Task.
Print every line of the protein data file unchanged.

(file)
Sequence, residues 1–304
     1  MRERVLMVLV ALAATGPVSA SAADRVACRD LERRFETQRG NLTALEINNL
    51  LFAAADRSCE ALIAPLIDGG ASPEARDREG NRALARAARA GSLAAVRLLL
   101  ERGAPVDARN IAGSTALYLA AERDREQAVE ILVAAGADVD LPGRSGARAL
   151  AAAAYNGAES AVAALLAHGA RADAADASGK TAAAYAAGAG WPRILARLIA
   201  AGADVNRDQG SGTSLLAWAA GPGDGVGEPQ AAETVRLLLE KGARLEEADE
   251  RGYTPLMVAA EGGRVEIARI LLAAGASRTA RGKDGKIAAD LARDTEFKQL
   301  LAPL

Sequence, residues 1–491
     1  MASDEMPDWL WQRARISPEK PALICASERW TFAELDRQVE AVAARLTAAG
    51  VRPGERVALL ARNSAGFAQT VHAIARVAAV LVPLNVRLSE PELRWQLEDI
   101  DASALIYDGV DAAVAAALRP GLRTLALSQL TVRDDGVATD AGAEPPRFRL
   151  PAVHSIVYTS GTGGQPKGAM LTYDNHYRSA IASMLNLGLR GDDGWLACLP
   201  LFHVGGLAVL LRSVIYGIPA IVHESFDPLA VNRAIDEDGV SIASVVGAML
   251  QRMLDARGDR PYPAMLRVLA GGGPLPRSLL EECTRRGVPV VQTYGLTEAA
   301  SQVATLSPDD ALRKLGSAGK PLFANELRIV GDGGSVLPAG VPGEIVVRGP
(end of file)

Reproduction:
Sequence, residues 1–304
     1  MRERVLMVLV ALAATGPVSA SAADRVACRD LERRFETQRG NLTALEINNL
    51  LFAAADRSCE ALIAPLIDGG ASPEARDREG NRALARAARA GSLAAVRLLL
   101  ERGAPVDARN IAGSTALYLA AERDREQAVE ILVAAGADVD LPGRSGARAL
   151  AAAAYNGAES AVAALLAHGA RADAADASGK TAAAYAAGAG WPRILARLIA
   201  AGADVNRDQG SGTSLLAWAA GPGDGVGEPQ AAETVRLLLE KGARLEEADE
   251  RGYTPLMVAA EGGRVEIARI LLAAGASRTA RGKDGKIAAD LARDTEFKQL
   301  LAPL

Sequence, residues 1–491
     1  MASDEMPDWL WQRARISPEK PALICASERW TFAELDRQVE AVAARLTAAG
    51  VRPGERVALL ARNSAGFAQT VHAIARVAAV LVPLNVRLSE PELRWQLEDI
   101  DASALIYDGV DAAVAAALRP GLRTLALSQL TVRDDGVATD AGAEPPRFRL
   151  PAVHSIVYTS GTGGQPKGAM LTYDNHYRSA IASMLNLGLR GDDGWLACLP
   201  LFHVGGLAVL LRSVIYGIPA IVHESFDPLA VNRAIDEDGV SIASVVGAML
   251  QRMLDARGDR PYPAMLRVLA GGGPLPRSLL EECTRRGVPV VQTYGLTEAA
   301  SQVATLSPDD ALRKLGSAGK PLFANELRIV GDGGSVLPAG VPGEIVVRGP